In honor of Memorial Day here in the United States, here is a look at Tacoma’s War Memorial Park.
This park is not part of Tacoma’s Metro Parks organization, and I can’t find out exactly who owns and runs it. Most of the information here comes from a presentation by a member of the Tacoma Historical Society, which organized today’s Memorial Day event at the park.
War Memorial Park, originally called Living War Memorial Park, dates from 1952, when the land was donated by Harold Woodworth. The narrow strip of land served as the staging area for the construction of the Tacoma Narrows Bridge (the bridge on the right in the photo at the top of this post), completed in 1950. That bridge was constructed to replace the famous “Galloping Gertie” bridge that collapsed on November 7, 1940, which you can read about here. When the 1950 bridge proved inadequate for traffic between Tacoma and the Kitsap Peninsula, a second bridge, the one on the left in the photo above, was built; it opened in 2007. Now the 1950 bridge carries traffic heading west on Highway 16, and the 2007 bridge carries traffic heading east. Drivers pay a toll to cross the newer bridge.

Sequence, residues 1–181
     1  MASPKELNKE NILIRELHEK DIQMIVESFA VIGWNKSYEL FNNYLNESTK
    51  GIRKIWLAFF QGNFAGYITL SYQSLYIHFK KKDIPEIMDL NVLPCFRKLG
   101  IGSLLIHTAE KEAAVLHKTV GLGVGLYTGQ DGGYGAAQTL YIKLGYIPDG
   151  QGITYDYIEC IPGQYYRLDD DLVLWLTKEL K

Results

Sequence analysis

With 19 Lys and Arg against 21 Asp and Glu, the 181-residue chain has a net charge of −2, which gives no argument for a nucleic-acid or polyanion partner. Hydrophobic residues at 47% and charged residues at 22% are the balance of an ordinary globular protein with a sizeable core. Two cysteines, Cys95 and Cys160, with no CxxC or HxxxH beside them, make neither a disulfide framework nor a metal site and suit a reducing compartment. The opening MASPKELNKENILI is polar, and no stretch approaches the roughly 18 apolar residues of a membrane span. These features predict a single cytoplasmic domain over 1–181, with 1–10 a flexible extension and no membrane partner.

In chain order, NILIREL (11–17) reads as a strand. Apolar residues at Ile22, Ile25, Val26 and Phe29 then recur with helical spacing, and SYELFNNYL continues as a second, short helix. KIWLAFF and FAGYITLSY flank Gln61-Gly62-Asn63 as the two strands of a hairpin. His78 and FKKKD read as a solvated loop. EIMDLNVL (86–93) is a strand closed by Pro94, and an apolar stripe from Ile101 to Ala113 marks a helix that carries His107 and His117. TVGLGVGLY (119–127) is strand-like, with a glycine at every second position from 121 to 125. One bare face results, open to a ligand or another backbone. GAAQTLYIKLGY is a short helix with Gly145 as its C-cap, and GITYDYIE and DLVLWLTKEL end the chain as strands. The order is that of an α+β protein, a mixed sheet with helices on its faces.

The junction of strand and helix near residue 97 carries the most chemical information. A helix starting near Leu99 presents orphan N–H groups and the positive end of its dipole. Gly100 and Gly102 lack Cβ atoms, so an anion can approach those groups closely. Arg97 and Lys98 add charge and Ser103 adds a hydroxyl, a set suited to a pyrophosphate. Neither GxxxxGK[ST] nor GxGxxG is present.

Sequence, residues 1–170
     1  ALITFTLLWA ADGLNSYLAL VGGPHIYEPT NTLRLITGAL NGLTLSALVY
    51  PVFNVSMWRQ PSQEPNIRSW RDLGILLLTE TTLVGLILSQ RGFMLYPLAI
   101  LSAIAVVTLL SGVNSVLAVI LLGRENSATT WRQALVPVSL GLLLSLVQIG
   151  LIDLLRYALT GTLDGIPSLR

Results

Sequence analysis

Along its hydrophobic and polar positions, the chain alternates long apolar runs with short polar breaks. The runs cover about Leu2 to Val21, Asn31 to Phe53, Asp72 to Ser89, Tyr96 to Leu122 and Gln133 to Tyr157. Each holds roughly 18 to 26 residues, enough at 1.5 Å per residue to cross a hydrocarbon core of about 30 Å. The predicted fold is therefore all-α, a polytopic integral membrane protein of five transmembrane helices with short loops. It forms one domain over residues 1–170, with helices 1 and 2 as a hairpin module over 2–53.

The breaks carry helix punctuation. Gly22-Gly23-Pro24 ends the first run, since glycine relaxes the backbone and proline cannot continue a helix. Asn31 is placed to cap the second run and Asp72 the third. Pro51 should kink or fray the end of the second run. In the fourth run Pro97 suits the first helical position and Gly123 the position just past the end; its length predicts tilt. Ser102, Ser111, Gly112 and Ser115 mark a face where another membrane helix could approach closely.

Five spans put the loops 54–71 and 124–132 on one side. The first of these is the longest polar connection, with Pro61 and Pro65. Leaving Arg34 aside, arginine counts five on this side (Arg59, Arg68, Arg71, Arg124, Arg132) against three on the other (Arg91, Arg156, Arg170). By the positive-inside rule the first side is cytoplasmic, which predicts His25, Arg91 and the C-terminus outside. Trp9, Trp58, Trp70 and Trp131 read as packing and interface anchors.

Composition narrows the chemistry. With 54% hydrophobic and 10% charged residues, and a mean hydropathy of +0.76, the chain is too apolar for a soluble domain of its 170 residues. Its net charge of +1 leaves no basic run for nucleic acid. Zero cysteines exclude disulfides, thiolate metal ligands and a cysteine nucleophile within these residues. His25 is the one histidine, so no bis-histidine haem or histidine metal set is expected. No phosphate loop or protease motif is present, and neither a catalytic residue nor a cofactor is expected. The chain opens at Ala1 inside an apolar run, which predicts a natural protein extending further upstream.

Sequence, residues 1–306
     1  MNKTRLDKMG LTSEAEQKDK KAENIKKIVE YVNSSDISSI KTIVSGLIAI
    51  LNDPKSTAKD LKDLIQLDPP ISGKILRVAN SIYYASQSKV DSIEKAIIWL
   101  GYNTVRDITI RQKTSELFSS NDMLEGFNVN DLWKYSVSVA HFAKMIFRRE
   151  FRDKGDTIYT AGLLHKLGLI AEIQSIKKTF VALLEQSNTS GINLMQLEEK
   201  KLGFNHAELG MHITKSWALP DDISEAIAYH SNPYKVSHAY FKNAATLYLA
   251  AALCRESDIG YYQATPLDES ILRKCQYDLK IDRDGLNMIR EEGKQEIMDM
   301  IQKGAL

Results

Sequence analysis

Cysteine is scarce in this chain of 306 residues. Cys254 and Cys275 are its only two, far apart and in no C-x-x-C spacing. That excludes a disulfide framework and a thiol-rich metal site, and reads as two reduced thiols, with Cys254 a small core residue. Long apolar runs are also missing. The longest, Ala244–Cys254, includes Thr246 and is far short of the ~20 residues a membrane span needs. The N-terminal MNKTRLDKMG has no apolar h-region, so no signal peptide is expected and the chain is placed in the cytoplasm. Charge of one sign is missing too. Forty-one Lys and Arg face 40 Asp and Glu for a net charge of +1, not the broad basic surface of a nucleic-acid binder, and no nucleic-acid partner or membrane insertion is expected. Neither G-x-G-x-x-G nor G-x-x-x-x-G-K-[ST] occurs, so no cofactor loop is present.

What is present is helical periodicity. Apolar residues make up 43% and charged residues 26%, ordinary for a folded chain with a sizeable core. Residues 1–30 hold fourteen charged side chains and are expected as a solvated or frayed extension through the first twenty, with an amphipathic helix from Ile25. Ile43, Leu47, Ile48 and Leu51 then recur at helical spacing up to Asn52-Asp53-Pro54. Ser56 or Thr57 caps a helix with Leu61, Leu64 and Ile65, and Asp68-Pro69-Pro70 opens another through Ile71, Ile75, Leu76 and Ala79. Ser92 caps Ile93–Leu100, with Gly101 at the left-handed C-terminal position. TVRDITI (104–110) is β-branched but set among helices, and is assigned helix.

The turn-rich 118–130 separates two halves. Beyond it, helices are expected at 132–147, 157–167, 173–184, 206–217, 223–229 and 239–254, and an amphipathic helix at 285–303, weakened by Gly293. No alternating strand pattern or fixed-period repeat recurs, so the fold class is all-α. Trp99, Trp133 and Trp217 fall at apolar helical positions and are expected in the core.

The covered shelter that marks the entrance to the park houses the bell from the cruiser USS Tacoma, launched in 1903. The ship visited Tacoma in 1904, saw service in the Caribbean during WW I, and ran aground off the coast of Mexico in 1924.
War Memorial Park includes a World War I memorial, dedicated to the memory of the 162 residents of Pierce County who died in the war, that was dedicated on Memorial Day in 2011. There is also a World War II memorial with 760 names that was built through the joint efforts of the Tacoma Historical Society and American Legion Post 2. The park is also a stop on the Blue Star Memorial Highways, a project that originated in 1944 and is now overseen by National Garden Clubs, Inc.
The Tacoma Historical Society hopes to add memorials for the Korean and Vietnam wars in the future.
Today’s service at War Memorial Park, arranged by the Tacoma Historical Society and American Legion Post 2, honors all soldiers who have served in the U.S. armed forces.